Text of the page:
This is my happiness concept, a snippet of a vivid future I want to work towards. I think about it a lot, when I feel down. It’s a bit like mental time travel. In your happiness concept, you should be able to envision where you are, the time of the day, what you’re doing, who you’re with, the feelings you have. I feel like the more clearly you can see it, the more likely you are to achieve it. Everyone should have their own “happiness concepts.”
May all these come true in good time.
Where am I?
It is the year 20XX, and I live within a bright and clean apartment. It is a nice place; not too big, but not too small. It has a minimalistic, contemporary design, and pleasing colour schemes. Lots of muted monochrome colours, with a mixture of smooth teakwood and marble floors.
I don’t have much of a green thumb, but somehow, I’ve always envisioned plants within my home. I’d like to believe that I can keep a tiny pot of sage, and perhaps basil, alive. I would place this somewhere in the kitchen, where they get light. A corner of the apartment (perhaps a windowsill), would be designated for terrariums. I especially like the way succulents look; soothing pops of green within clear geometric vases.
I like the sound of “furin” (Japanese wind bells) too, so I’ve hung one by the window. When I slide open the glass to let air in, I can listen to their sparkling chimes. They greet me cheerfully, every morning.
What time is it within this apartment?
It is late-afternoon on a weekend, and the sky is dipping gently towards dusk. I’ve installed flat Korean blinds in the house, at the advice of my mother (“It’s easy to clean!”). They are the texture of rice-paper and tatami mats. I pull on them to let more light in. The apartment instantly gets flooded with warm, golden light.
My partner is coming by this evening. I decide to make some soup. With my hair tied up in a loose bun, I get to work.
First, I put chicken bones into my soup pot, fill it with water, and set it to boil. Into the simmering mixture, I add a dash of salt and pepper, a cup of shaoxing wine, and some sesame oil. Finally, I add the secret ingredients; garlic cloves, anchovies and peanuts. I’ve prepared a bowl of lotus root, which I’ll add towards the end, so they don’t overcook and lose their crunchy texture, the way my partner likes them.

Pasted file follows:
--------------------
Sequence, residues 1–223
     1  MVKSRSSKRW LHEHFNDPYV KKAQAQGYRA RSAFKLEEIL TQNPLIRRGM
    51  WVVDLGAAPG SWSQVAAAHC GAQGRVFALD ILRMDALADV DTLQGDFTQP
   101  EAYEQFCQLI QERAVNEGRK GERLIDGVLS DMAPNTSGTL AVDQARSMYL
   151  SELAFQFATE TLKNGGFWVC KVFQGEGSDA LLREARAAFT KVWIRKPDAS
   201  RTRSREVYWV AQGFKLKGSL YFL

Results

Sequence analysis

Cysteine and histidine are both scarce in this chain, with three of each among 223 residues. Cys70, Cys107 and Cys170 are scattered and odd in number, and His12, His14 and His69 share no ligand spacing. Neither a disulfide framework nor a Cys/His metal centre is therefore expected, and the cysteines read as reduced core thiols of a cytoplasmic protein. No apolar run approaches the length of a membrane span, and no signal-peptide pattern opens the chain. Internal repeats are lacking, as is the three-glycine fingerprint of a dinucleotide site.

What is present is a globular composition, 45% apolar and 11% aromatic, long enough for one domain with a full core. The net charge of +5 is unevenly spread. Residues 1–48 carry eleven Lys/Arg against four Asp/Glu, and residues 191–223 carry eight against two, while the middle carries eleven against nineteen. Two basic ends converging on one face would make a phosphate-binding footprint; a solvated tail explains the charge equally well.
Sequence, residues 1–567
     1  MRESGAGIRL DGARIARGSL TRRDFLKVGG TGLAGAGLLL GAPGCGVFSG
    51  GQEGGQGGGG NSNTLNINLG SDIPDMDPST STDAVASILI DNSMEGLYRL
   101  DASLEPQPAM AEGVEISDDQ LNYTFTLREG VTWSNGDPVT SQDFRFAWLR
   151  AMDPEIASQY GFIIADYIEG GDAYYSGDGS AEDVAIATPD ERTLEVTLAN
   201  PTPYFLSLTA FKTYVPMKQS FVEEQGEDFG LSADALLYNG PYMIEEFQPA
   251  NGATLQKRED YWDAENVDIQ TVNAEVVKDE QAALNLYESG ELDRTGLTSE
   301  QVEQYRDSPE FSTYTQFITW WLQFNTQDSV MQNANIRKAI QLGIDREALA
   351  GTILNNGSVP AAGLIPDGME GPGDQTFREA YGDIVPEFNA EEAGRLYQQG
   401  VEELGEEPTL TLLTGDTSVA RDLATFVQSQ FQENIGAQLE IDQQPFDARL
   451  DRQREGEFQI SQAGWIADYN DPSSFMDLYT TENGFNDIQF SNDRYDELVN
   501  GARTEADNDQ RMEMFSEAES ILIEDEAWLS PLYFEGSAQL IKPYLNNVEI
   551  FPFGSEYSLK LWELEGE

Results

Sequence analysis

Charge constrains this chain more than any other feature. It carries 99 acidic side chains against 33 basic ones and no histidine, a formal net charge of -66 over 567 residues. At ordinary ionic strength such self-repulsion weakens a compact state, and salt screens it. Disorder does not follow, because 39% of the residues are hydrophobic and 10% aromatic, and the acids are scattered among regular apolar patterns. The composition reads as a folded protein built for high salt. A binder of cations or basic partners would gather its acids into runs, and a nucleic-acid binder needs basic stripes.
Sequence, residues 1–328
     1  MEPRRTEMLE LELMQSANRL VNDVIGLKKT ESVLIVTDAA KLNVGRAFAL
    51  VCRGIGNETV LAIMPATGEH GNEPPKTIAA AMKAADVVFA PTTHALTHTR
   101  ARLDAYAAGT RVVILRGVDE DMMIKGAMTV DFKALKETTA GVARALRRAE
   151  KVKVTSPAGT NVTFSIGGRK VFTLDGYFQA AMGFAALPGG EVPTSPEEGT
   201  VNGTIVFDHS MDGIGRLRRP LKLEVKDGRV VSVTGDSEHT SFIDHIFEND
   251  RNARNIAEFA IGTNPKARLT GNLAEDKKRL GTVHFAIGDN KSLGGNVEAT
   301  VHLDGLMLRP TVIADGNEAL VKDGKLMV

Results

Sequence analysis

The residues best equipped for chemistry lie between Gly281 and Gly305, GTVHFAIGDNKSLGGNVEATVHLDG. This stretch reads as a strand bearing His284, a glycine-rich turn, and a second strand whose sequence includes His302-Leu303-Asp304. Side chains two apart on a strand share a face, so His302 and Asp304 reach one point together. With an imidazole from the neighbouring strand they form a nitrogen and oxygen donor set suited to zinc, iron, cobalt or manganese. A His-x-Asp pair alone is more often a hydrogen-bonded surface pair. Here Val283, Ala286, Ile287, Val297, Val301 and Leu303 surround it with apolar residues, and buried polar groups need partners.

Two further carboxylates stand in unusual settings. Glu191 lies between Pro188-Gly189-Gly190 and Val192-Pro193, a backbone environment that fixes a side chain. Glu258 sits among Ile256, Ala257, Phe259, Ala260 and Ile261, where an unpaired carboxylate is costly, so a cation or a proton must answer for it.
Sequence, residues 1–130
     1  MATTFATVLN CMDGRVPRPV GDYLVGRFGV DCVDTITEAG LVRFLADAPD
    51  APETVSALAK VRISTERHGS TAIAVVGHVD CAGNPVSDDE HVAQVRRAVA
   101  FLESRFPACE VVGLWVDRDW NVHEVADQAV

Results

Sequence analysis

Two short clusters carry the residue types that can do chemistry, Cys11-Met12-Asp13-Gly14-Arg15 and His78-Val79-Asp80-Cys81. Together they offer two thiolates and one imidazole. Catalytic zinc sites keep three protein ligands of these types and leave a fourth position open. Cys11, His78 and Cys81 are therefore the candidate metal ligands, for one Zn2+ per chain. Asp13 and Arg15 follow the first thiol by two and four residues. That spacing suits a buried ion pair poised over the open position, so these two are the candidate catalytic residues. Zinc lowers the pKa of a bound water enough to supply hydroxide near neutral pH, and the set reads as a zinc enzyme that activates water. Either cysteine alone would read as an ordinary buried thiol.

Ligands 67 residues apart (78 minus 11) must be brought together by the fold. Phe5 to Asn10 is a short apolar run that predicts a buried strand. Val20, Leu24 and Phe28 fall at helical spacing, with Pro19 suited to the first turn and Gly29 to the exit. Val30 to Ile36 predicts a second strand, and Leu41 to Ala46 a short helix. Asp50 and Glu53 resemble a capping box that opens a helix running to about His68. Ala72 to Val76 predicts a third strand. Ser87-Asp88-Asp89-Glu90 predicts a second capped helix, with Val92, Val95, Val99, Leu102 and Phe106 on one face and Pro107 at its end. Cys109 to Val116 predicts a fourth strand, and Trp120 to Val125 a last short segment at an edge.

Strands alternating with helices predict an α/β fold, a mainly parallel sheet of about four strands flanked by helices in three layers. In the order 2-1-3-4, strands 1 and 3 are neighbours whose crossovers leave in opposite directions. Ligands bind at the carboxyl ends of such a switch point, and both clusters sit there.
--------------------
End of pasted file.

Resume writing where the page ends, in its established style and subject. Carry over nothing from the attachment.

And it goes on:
The apartment begins to fill with the rich, savoury aroma of simmering chicken bone soup. I put on some music from my laptop, and decide to cook some rice. Soup and rice always go well together, I feel. Along the way, I randomly decide to drop some fishballs with the lotus root into the soup.
Should I make dumplings too?
The bell rings just as I contemplate this question.
I quickly freshen up in the mirror and answer the door.
It’s him. He smiles and holds up a packet of “tau fu fah.”
“It’s chilled. I’ve asked them to serve it with palm sugar syrup.”
I laugh and tell him he’s read my mind.
He comes in, kisses me on the cheek, and sets the dessert on the table.
I bring out the cutlery and a set of blue rice bowls, with peach blossoms painted on them.
“Soup’s done! There’s leftover minced meat and vegetable we can have with the rice.”
He makes his way to the kitchen, and knows exactly where to find them.
We bring the pot of soup, rice, and leftovers out, and sit down for dinner. We talk about work, and our plans for the week. I’m working on an editorial spread for a mental health issue. I can’t decide between washed out greys or baby blue, for a healing colour. He tells me about a difficult case he’s working on, but right now he’s hungry and he doesn’t want to care.
In between, he comments on the soup.
I ask him about his thoughts regarding a strange dream I had, about me waking up naked in the middle of the ocean, while shoals of fish fly above me.
He asks if he’s in the dream too, because he should be if I’m naked.
I whack him with a spoon, and he laughs, before telling me that he doesn’t know much about dream analysis, but that leads into a conversation about an article he read on sleep paralysis. We debate on the existence of ghosts, then he brings up a knock knock joke. I whack him again with a spoon.
After dinner, we wash up, have dessert, and make tea. The tea of the night is “barley tea,” because it’s decaffeinated. We drink it in our special mugs. He wants his in a mug that brightens with constellations when filled with hot water. I want mine in a proper Japanese teacup.
We settle into a corner on the floor with our tea, where it’s nearest to the window. From where we are, I see distant city lights twinkling. He wraps his arms around me, and I rest against his chest, feeling it rise and fall.
We breathe, slowly, in sync, and say nothing, for a long, long time. Steam rises from our mugs. It is peaceful.
A quaint apartment, a job that pays the bills, a man I love (who loves me back), and a mug of tea.
At that moment, perhaps, I might not need much more.
This is my happiness concept.